Rural/urban divide exaggerated

Don’t under-estimate the benefits of bringing up a family in the country,

In Community4 Minutes
Tim and Binds White having a brew outside the Fallow Hut Lodging.

By Tony Leggett

Don’t under-estimate the benefits of bringing up a family in the country, Binds White says.

She and husband Tim are this year’s Keinzley Ag Wairarapa Farm Business of the Year award winners. They both had business careers outside farming before making the switch to full-time farming 10 years ago.

The couple have a farm stay cottage on the farm, called Fallow Hut, and most of their visitors are town or city folk keen on a stay in the country. The direct contact with them has changed Binds’s perspective on the size of the so-called urban-rural divide.

“It’s a big topic I know but we find their values and goals are closely aligned with ours.”

She says most of our visitors who stay at Fallow Hut feel it’s a privilege to stay on their farm and love the experience of country living.

It has highlighted the many benefits their own two daughters have enjoyed as kids growing up in the country.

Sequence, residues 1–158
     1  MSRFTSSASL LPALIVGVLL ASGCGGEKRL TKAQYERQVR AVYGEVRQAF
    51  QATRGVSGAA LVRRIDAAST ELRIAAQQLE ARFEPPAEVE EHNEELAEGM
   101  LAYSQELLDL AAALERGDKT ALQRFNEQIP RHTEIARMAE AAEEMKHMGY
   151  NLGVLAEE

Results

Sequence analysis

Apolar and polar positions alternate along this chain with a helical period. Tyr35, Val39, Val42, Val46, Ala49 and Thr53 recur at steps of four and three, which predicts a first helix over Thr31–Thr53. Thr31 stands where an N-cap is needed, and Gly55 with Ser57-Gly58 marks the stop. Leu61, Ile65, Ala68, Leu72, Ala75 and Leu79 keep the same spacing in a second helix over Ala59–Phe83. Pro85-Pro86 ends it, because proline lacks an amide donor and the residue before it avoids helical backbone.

“Raising a family on a farm has lots of benefits that our visitors don’t get. There are lots of enjoyable things, and life lessons too.”

She says they get to shoot their first deer or rabbit, ride a horse bareback and swim them in the river, and learn to drive and do 360 hand-brakies. There’s spotlighting, bonfires, docking, eventing, planting, endless mates to visit and a great work-life balance.

Binds and Tim are big travellers and always set goals around getting off the farm to refresh and enjoy new places. They are active relaxers and rarely book anything in advance when they travel, in stark contrast to the budgeted, detailed way they run their farm business.

“Our latest thing is e-biking and there is plenty of scope for that around here,” Binds says.

The first Covid lockdown in 2020 provided just the time for the family to connect with their neighbours and they established a community group with the vision of “know better, do better”.

They also renovated a redundant woolshed on the property and turned it into the Duck & Hare just in time to celebrate a 21st birthday for their eldest daughter Grace. It’s become a focal point for occasional community gatherings and a popular venue for birthday and anniversary celebrations.

Binds says they always encouraged their two children to grow their own futures and not feel any expectation to take over running the farm in the future.

As a family, they decided they didn’t want to create a set of goals then ignore them.

“What use are they if you don’t return to them and hold yourself accountable?”

Words like resilience and adaptability won’t be among their goals.

“Farmers are already experts at pivoting when something changes, and resilience is ingrained in most farming families too,” Binds says.

The Whites list their goals under headings: today, tomorrow, this month, this financial year and next financial year and review them often.